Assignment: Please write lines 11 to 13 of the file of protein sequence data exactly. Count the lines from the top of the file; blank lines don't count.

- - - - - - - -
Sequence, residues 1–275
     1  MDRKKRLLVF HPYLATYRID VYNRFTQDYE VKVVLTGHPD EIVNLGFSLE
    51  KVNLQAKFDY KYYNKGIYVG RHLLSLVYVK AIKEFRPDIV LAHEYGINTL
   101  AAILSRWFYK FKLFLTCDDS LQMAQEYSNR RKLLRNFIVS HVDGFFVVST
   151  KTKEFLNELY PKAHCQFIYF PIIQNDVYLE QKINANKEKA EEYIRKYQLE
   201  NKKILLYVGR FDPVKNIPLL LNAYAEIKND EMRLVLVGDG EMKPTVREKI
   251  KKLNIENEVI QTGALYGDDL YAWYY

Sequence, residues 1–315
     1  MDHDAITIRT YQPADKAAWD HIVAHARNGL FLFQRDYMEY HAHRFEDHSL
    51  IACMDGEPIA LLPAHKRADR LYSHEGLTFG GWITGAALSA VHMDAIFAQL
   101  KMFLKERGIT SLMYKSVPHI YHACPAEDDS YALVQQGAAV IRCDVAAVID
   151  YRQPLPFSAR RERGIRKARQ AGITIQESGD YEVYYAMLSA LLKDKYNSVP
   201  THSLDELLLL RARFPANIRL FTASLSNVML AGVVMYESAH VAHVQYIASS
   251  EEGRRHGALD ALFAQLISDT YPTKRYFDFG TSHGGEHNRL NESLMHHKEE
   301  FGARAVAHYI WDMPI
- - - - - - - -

   101  KMFLKERGIT SLMYKSVPHI YHACPAEDDS YALVQQGAAV IRCDVAAVID
   151  YRQPLPFSAR RERGIRKARQ AGITIQESGD YEVYYAMLSA LLKDKYNSVP
   201  THSLDELLLL RARFPANIRL FTASLSNVML AGVVMYESAH VAHVQYIASS